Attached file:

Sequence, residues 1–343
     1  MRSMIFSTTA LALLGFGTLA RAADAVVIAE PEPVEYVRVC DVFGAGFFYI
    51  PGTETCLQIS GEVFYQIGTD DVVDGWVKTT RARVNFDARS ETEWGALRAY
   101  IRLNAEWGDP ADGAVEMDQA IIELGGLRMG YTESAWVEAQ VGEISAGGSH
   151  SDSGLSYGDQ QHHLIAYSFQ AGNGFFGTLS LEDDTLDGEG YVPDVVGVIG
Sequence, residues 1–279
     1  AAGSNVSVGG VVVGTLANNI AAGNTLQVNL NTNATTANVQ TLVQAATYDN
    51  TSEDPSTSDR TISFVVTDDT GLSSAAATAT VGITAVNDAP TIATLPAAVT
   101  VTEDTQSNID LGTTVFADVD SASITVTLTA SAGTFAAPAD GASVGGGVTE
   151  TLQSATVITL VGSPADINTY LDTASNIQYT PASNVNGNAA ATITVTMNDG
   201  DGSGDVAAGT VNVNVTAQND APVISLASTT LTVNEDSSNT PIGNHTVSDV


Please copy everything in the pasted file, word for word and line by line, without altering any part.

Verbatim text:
Sequence, residues 1–343
     1  MRSMIFSTTA LALLGFGTLA RAADAVVIAE PEPVEYVRVC DVFGAGFFYI
    51  PGTETCLQIS GEVFYQIGTD DVVDGWVKTT RARVNFDARS ETEWGALRAY
   101  IRLNAEWGDP ADGAVEMDQA IIELGGLRMG YTESAWVEAQ VGEISAGGSH
   151  SDSGLSYGDQ QHHLIAYSFQ AGNGFFGTLS LEDDTLDGEG YVPDVVGVIG
Sequence, residues 1–279
     1  AAGSNVSVGG VVVGTLANNI AAGNTLQVNL NTNATTANVQ TLVQAATYDN
    51  TSEDPSTSDR TISFVVTDDT GLSSAAATAT VGITAVNDAP TIATLPAAVT
   101  VTEDTQSNID LGTTVFADVD SASITVTLTA SAGTFAAPAD GASVGGGVTE
   151  TLQSATVITL VGSPADINTY LDTASNIQYT PASNVNGNAA ATITVTMNDG
   201  DGSGDVAAGT VNVNVTAQND APVISLASTT LTVNEDSSNT PIGNHTVSDV